Like Cloud Computing, this is a colt that had the points necessary to run in the Kentucky Derby but opted not to. Cloud Computing was held out due to inexperience - he has only three career starts and didn't debut until February. For this colt, though, the reasoning was more practical - he is not Triple Crown nominated, so running in the Derby would have cost $200,000. This race is $50,000 less and much less crowded, so it makes financial sense. It's still a pretty big investment, though. So, can Conquest Mo Money warrant that expenditure?
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The colt has already been a great investment on one front. He was part of an 89-horse dispersal sale last year for Conquest Stables. He hadn't started yet, and had training issues, so despite very solid breeding he sold for just $8,500 - a lower price than 81 of the other horses in the sale. He has career earnings of $508,900, so even with the $150,000 to supplement him in this race he has been a spectacular investment.
Last race: The colt took a pretty big step up in class last time out, and he didn't look out of place. The Arkansas Derby was his first start away from tiny Sunland Park in New Mexico, and he was an 18/1 long shot in the 12-horse field. Despite going four wide around the first turn, the colt took the lead about three-eighths of a mile in, and he held the advantage right into the latter part of the stretch. He was caught by Classic Empire in the end, but he still looked solid at the wire. He beat three Derby horses in that race, including runner-up Lookin at Lee. And there is no shame in losing to the reigning two-year-old champion. It was a strong outing.
Prior experience: Before heading to Oaklawn Park the colt had run four times at Sunland Park. He didn't make his debut until January - historically a major no for the Derby but a little less of a concern here. He narrowly won his maiden debut, and then went in two minor stakes at Sunland - the latter being the Mine That Bird Stakes, named after the most famous horse to be based out of the New Mexico track. He won both. Then he jumped to graded action for the Sunland Derby. He ran nicely but was beaten by Hence, who had a rough trip in the Derby but is back here in the Preakness. The fourth-place runner in that race, Irap, went on to be the shocking Blue Grass winner before finishing 19th in the Derby. So, all in all it wasn't a bad effort for a graded stakes debut.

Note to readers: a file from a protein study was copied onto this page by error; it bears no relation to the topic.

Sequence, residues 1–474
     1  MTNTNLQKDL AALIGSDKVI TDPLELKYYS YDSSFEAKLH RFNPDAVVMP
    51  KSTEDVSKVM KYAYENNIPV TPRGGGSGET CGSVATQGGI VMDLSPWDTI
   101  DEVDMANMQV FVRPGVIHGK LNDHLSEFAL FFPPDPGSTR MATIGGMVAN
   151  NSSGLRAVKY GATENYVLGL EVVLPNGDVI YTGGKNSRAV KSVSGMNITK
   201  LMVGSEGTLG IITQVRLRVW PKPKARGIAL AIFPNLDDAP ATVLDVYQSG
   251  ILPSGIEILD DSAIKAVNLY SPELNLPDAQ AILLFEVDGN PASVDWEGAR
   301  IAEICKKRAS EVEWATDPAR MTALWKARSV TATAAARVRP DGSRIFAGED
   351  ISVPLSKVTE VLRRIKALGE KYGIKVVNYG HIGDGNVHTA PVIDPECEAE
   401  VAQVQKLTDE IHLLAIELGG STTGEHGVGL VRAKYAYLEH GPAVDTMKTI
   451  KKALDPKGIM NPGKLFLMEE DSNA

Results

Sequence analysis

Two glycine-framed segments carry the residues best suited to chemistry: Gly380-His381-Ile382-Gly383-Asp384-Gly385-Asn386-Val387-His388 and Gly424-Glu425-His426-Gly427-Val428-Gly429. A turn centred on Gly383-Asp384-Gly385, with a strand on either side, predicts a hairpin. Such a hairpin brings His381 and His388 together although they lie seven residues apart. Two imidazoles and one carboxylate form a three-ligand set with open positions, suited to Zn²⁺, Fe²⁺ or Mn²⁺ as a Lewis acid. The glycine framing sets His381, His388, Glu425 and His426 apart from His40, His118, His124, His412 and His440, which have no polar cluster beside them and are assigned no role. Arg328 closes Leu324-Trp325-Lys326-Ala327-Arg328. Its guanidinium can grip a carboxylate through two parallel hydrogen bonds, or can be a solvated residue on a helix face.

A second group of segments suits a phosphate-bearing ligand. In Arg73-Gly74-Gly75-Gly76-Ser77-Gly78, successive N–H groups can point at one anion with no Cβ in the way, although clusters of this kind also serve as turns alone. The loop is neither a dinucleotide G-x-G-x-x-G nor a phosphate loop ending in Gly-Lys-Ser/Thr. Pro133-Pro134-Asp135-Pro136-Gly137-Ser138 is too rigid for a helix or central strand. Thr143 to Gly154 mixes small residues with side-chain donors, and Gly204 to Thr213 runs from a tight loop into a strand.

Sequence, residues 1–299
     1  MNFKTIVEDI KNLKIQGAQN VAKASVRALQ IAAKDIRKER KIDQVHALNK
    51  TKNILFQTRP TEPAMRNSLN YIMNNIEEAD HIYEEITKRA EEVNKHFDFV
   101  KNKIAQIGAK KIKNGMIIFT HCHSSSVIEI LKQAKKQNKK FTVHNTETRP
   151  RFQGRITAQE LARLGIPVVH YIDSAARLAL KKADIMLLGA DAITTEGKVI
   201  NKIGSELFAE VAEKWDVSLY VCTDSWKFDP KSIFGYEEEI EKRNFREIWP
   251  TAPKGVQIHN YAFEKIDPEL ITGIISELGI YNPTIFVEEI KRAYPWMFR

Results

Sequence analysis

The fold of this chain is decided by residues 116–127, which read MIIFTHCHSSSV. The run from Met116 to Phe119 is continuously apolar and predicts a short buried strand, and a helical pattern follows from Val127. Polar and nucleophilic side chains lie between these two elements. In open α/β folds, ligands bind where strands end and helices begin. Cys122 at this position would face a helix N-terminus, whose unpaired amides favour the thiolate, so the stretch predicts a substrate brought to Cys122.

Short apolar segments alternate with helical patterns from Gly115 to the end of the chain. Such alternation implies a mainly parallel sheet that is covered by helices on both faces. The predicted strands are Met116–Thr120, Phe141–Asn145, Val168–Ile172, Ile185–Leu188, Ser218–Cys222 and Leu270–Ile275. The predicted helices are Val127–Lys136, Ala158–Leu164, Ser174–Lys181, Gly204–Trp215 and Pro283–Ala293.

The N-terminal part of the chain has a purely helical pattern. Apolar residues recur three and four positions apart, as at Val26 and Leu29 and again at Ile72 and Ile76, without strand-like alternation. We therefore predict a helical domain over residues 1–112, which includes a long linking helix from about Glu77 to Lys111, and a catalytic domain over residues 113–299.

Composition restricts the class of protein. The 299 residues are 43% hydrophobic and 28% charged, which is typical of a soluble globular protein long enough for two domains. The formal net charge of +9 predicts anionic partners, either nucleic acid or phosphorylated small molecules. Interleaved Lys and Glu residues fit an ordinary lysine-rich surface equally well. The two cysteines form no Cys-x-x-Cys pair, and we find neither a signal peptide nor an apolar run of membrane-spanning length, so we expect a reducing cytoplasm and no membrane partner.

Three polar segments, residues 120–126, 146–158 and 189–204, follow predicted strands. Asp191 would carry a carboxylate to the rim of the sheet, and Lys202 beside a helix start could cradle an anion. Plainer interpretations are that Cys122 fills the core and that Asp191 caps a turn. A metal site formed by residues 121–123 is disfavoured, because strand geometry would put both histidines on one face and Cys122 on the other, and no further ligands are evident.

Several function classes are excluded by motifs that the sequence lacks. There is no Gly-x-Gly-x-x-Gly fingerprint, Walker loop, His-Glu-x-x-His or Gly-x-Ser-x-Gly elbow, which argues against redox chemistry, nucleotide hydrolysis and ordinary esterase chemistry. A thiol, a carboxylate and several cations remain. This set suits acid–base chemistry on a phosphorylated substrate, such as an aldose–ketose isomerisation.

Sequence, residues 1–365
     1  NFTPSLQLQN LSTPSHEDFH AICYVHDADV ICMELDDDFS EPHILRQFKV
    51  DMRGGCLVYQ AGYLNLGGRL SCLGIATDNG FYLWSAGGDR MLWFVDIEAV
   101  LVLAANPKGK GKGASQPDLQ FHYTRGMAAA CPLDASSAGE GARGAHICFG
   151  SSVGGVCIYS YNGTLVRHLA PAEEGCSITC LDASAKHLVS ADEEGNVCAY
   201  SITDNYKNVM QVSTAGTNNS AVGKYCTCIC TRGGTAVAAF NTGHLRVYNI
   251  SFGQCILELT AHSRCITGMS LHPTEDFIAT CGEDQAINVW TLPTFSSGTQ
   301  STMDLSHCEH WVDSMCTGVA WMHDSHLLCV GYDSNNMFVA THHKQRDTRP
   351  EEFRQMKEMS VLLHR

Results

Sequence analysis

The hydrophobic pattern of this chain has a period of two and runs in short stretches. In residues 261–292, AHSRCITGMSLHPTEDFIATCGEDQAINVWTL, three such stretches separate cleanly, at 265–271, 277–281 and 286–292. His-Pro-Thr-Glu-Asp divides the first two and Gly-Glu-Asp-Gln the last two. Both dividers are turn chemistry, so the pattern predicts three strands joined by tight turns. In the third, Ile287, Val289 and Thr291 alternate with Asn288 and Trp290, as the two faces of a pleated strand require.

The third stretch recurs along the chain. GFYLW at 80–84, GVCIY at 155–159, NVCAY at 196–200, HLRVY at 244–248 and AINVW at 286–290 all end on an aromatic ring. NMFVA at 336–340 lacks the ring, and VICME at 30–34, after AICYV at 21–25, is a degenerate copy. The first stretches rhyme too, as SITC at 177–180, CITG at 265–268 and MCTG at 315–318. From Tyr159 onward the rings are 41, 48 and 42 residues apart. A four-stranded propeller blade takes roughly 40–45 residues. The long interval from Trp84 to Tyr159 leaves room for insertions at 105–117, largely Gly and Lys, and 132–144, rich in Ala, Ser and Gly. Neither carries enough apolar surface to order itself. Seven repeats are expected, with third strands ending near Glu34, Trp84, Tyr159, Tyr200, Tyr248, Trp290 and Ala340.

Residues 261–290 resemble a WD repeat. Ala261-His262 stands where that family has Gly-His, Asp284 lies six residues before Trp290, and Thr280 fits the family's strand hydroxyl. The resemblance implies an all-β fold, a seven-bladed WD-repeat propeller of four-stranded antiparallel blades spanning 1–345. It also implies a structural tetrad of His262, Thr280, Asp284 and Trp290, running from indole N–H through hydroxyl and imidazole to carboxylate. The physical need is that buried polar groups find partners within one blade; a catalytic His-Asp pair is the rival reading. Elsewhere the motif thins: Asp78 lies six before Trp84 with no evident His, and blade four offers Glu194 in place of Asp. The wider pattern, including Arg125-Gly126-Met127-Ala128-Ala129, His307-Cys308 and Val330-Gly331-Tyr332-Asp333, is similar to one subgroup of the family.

Trainer: I won't pretend to know much of anything about Miguel Hernandez. He is in just his third year as a trainer, he toils mostly at tracks no one really pays attention to like Sunland and Prairie Meadows in Iowa, he has not won a graded stakes race, and Conquest Mo Money has earned four times as much as his second-most-successful horse ever has. He is as much of an outsider as a guy can be. Of course, that doesn't preclude him from winning a race like that - Mine That Bird's connections were every bit as obscure, and they won the Derby from Sunland.
Jockey: I know just as much about Jorge Carreno as I do about Hernandez. He has been riding since 2002 and has more than 1,300 career wins, but none have been anywhere near the caliber of this race. He has one career graded stakes win - the 2012 Canadian Derby, held in Edmonton of all places, aboard Toccetive. He has won more than $50,000 aboard this horse, and Toccetive was his second-most-successful mount ever - the two combined for $140,000. So, he's taking a very large step up in class here. He'll be fine as long as he stays calm, rides his race, and doesn't get sucked into bad decisions by the very good riders he will be facing. He cannot be viewed as an asset, though.
Breeding: Sire Uncle Mo was the two-year-old champion in 2010, but illness sabotaged his three-year-old campaign and he never reached his full potential. He's a young sire, but early returns have been spectacular - he won the Kentucky Derby last year with Nyquist from his first crop of three year olds. Conquest Mo Money's damsire is Seeking the Gold, who was seventh in the 1988 Derby and second to the great Alysheba in the Breeders' Cup Classic that year. His son Jazil won the 2006 Belmont, and other great offspring include champions Flanders and Heavenly Prize. This is a nicely-bred colt - especially considering he was purchased for $8,500. He can handle this distance.
Odds: At +2000 to win the Preakness at BetOnline he is the seventh choice among the likely 10-horse field. I don't much like his chances to win, but if the actual odds wind up in this ballpark he will certainly be useful lower down in the exotics. If Always Dreaming repeats his Derby win we'll need horses like this to get a piece of the action to avoid microscopic exotics payouts.
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Read more articles by Trevor Whenham
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